One of Stewart's favorite films in the project is The Blood of Jesus, a 1941 film that was rediscovered in a Texas warehouse in 1983. Actress Cathryn Caviness plays Sister Martha Ann Jackson, a churchgoing black woman in the South who is fatally shot after her husband's rifle falls to the floor and goes off by accident. Her spirit wavers between following an angel to heaven or an agent for Satan to hell, which looks like a jazz club in the city.

Stewart says the film's writer-director — Spencer Williams, who went on to play Andy in the 1950s TV series Amos 'n' Andy­ -- touched on a debate within the black community about city versus country living. "We get this kind of allegory of black urban migration and the dangers that urban life presents and the need to hold on to a certain kind of spiritual center," she says.

'Brilliant' Filmmaking

The restoration project added new sequences to Micheaux's 1939 remake of his silent film Birthright. The first two of the film's nine reels have been missing for years. To replace about 20 minutes of those missing first scenes, restorers have added new title cards to introduce the story of Peter Siner (played by Carman Newsome) — a young black man who graduates from Harvard University and returns home to the South to build a school for African-American children.

New scores have been commissioned for the silent movies, including Micheaux's Within Our Gates. The new soundtrack aside, restorers plan to restore the 1919 film closer to Micheaux's original vision. One of the shots in a lynching scene was upside-down originally, according to Charles Musser, a co-curator for the collection who also teaches film at Yale University. But he says previous film restorers who worked on the film turned it right-side up.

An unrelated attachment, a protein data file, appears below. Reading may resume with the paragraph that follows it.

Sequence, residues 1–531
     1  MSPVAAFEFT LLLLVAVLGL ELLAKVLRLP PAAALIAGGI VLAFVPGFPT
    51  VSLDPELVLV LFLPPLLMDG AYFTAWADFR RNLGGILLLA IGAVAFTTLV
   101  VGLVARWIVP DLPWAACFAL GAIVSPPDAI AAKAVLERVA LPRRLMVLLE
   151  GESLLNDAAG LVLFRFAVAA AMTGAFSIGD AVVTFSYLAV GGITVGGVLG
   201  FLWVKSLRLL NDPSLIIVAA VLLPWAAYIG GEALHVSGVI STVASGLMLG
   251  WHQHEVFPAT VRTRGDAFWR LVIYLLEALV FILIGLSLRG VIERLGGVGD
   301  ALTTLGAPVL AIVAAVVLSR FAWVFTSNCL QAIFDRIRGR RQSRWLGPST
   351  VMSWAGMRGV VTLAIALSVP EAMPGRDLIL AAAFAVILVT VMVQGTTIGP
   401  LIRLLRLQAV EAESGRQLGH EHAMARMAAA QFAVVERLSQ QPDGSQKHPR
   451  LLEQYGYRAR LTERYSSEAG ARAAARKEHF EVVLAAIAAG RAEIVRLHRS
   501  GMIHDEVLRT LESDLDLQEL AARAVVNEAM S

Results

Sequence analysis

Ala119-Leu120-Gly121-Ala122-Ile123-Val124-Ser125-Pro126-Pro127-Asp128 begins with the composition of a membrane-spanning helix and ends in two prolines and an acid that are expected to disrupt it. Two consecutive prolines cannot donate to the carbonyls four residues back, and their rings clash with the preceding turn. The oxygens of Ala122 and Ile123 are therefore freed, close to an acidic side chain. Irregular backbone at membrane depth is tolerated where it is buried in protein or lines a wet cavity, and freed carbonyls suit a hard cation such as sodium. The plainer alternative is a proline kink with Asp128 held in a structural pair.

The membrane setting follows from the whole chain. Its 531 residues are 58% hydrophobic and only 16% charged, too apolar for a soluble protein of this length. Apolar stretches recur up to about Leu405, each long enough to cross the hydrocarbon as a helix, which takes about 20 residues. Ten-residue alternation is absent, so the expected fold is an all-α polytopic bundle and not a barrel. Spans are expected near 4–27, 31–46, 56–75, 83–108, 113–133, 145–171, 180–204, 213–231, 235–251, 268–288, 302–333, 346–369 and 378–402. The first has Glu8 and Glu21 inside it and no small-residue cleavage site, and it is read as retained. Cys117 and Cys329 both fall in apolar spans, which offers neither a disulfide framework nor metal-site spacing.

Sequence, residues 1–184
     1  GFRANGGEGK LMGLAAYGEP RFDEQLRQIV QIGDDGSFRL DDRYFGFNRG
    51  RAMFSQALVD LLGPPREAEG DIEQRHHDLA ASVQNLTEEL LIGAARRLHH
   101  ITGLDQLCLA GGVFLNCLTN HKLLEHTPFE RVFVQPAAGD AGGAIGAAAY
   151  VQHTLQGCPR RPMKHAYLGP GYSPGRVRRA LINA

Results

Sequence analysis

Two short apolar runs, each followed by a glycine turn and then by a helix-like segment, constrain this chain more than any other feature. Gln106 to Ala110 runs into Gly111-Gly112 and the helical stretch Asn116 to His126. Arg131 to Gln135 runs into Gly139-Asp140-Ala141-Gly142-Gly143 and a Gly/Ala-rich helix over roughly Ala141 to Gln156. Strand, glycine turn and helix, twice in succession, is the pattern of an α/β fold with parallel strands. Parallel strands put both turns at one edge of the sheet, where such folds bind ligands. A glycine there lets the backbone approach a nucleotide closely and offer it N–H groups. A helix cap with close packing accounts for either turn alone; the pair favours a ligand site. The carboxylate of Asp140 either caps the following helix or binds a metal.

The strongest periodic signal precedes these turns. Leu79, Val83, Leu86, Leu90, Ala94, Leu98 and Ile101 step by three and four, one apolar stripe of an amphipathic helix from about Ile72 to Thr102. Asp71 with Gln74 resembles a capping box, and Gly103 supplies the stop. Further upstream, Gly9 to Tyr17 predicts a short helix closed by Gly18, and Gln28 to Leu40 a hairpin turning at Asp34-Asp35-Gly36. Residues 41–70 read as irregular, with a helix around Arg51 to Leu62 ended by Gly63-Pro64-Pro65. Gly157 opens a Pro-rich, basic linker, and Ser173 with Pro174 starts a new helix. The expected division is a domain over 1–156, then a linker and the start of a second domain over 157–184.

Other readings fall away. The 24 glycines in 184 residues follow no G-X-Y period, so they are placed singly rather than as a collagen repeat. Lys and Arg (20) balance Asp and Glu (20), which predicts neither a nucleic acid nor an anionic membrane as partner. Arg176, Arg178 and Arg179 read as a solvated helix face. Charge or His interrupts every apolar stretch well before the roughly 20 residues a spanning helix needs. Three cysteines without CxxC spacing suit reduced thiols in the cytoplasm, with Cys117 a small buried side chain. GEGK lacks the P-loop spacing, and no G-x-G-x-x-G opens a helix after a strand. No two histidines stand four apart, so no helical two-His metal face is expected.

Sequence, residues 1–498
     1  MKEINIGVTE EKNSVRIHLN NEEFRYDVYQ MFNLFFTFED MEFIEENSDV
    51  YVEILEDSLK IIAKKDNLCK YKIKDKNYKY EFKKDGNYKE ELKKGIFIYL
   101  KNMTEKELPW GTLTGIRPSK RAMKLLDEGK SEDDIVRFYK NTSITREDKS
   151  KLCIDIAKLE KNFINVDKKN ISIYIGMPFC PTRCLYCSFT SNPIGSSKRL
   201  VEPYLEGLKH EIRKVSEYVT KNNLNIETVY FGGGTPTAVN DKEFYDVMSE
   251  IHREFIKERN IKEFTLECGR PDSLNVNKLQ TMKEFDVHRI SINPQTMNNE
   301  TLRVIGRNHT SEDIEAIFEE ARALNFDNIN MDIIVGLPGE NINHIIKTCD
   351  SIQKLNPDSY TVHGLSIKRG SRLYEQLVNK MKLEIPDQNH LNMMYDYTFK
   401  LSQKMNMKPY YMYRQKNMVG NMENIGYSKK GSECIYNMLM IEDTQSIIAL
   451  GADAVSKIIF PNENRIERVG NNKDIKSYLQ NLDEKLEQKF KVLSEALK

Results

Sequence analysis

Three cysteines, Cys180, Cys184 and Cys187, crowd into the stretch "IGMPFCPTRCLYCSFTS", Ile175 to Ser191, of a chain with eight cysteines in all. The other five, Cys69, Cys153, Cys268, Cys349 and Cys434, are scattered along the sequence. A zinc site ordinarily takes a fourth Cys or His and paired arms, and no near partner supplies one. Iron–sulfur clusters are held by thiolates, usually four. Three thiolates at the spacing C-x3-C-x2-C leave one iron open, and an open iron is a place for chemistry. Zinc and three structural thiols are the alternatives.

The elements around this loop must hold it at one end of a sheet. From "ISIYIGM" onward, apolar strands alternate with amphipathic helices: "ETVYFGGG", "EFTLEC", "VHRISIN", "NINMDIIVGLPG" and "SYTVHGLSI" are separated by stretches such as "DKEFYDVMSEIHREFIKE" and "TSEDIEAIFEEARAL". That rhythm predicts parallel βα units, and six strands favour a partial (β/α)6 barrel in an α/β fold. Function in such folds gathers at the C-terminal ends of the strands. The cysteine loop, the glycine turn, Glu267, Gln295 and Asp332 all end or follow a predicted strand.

"They thought it was a, quote, 'mistake.' But Oscar Micheaux's mistakes are never mistakes," Musser explains. "This is a moment when, in fact, the world is turned upside down. He shows that by turning the shot upside down. See, now that's like brilliant filmmaking."

It's filmmaking that should not stay sitting in film archives, according to Paul Miller, also known as DJ Spooky, the project's executive producer.

"It's a shame that it's taken almost 100 years to get these films back out," says Miller, who also composed new scores for Within Our Gates, Body and Soul and other silent films. "They should be well-known, and they should be part of the basic premise of early American cinema, period."

Four race films, including Birthright and Williams' 1946 film Dirty Gertie from Harlem, U.S.A., are returning to the big screen at New York City's Film Forum for special screenings on Sunday and Monday. The entire collection of restored race films will be available for streaming online and as a five-disc set in July.

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STEVE INSKEEP, HOST: